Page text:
Trapani Eryx Segesta in-depth
L’edificio fu realizzato agli inizi del sec. XIX per iniziativa del tenente generale Giovan Battista Fardella. Sorge sull’isola di Sant’Antonio, oggi unita alla terraferma, dove nella prima metà del sec. XIII venne edificata la Chiesa di Sant’Antonio del Mare, che aveva la funzione di ospitare gli equipaggi delle barche sospette, presunti portatori di epidemie, per il periodo di quarantena.
According to the famous legend the mythical architect and inventor Daedalus was from Athens, from where he was exiled for having killed for jealousy of trade his grandson Talos. So he went to Crete to King Minos, where he not only built the Labyrinth, but also a bronze cow capable of containing a human being: Pasiphae, the wife of Minos, entered it and he mated with a bull; the result was the birth of the Minotaur, who was imprisoned in the Maze built by Daedalus. When Minos discovered that Daedalus himself was the author of the hideous bronze sculpture, he locked him with his son in the Labyrinth. Daedalus managed to escape in flight making his wings, but during the flight lost his son Icarus. He thus arrived in Sicily, in the area of Agrigento, at the court of Sicano king Cocalo, where he made many creations worthy of wonder, including the impregnable citadel of Camico. To Eryz Daedalus, after having realized the grandiose supporting work of the cliff, he would have consecrated to Aphrodite Ericina a solid gold hive, an extraordinary work that perfectly imitated a real hive. Nevertheless, King Minos also came to Sicily in search of revenge: Daedalus, with the help of the daughters of King Cocalo, killed him by cooking him with the steam of a sort of Turkish bath. As Diodorus Siculus tells us (4, 77-79), the body of the Cretan king was buried by his companions in a monumental tomb in the territory of Agrigento, a tomb that later became a Sican place of worship. According to Virgil, after Sicily Daedalus went to Cuma.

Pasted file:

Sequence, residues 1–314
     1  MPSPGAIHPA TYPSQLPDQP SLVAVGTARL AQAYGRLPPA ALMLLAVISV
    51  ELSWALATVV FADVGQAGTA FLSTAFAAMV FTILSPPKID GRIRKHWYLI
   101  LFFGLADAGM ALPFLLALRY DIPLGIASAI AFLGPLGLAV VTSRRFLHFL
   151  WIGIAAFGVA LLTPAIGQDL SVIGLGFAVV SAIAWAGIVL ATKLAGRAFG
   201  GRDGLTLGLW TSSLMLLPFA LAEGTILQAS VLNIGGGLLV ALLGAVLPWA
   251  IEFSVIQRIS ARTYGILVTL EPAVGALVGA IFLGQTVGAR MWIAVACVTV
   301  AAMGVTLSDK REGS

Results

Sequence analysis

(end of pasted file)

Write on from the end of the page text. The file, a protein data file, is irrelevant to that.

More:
The Sicilian historian, who lived in the first century B.C., gives us an image of it in Roman times: “When consuls, generals and all those who hold a post arrive in Sicily, they will pass by Eryz, honoring the temple of Venus with sacrifices and offerings. Stripping themselves of the insignia of their dignity, they give themselves to cheerful enjoyment with women, believing that they are so pleasing to the goddess”. The allusion is to the institute of sacred prostitution, typical of the gods of oriental origin and diffused in Phoenician environment in particular.
Of humble origins and, at least initially, with a democratic thinking, Agathocles seized power and became the tyrant of Syracuse between 360 and 289 B.C. He tried to transform Sicily into a real unitary Hellenistic kingdom both through military actions against Carthage and the indigenous peoples and thanks to a careful network of alliances, But the great power of Carthage caused his plan to fail.